Isaac Molina should have a good chance at being granted asylum: Nicaraguan police who abducted and tried to kill him because he is a doctor and had treated gunshot victims, regardless of their politics. Even though his story is well documented, even though the Trump administration denounces the Nicaraguan government as repressive, even though he still needs medical care for his wounds, U.S. immigration authorities put him in prison.
“On a December morning in Tijuana, Isaac Molina and his family stood in a line of migrants waiting to be allowed into the United States to seek asylum. His case for protection was thoroughly documented—the gunshot wounds in his abdomen and back, at the hands of the Nicaraguan police, were more tangible evidence than most asylum-seekers have—and he assumed their four-month journey from Nicaragua was coming to an end.
“Seven weeks later, Molina is incarcerated in a prison in Mississippi for the crime of making a legal claim for asylum….
“Since Mississippi does not have a history of immigration detention, access to legal counsel at Tallahatchie is severely limited; the American Immigration Lawyers Association’s website lists no immigration attorneys within 50 miles of the prison….
“The painful irony for Molina is that he fled to the United States after defying a regime that the Trump administration has criticized and targeted with economic sanctions. But it has made no difference to ICE. If he ultimately receives asylum, ICE will have spent untold thousands of dollars keeping him apart from his family for months for no purpose.”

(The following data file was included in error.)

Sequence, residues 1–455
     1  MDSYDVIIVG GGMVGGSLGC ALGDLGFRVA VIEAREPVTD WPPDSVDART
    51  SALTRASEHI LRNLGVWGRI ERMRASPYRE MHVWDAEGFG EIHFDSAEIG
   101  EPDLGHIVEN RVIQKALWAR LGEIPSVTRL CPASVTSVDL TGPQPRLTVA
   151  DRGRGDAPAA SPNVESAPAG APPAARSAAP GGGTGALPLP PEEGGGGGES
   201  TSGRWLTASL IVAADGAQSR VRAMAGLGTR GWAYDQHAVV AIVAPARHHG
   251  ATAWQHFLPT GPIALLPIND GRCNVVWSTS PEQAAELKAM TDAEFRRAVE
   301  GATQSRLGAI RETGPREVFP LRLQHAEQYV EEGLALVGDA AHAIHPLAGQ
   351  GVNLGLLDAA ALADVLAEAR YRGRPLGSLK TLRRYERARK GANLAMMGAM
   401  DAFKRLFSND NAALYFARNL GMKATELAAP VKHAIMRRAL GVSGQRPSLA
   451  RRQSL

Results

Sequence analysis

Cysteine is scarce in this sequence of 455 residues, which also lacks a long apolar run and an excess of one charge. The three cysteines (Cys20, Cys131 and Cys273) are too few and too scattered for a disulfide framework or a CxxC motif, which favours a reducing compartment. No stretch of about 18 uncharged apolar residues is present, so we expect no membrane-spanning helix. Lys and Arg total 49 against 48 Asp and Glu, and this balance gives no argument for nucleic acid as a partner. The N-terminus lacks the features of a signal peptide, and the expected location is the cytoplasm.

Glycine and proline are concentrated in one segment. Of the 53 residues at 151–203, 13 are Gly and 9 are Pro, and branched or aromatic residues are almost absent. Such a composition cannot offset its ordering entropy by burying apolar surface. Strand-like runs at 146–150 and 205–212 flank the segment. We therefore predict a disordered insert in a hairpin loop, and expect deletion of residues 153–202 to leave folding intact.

The Trump administration says it stopped separating children from their parents last June, after prolonged protest and international outrage. They lied.
“In El Paso on Monday, on the day Donald Trump held a rally in the border city, a mother sobbed as she told how she arrived in the US from Honduras last October and had her two daughters, aged five and three, taken away from her without explanation.
“It was a month before she was allowed to speak to her girls, by phone, and then see them for one hour a week. They were reunited after four months and are now staying in El Paso, in western Texas, while authorities process the asylum application of their mother, Yeimi, who asked to withhold her last name out of security concerns.
“Taylor Levy, legal coordinator for Annunciation House, said Yeimi’s case is not an anomaly. She said Annunciation House receives one or two calls a week about new cases of family separations – and that is just cases their agency knows about in the El Paso area.”
The United States is a safe haven for refugees. Family values protect children. War is Peace. Freedom is Slavery. Ignorance is Strength.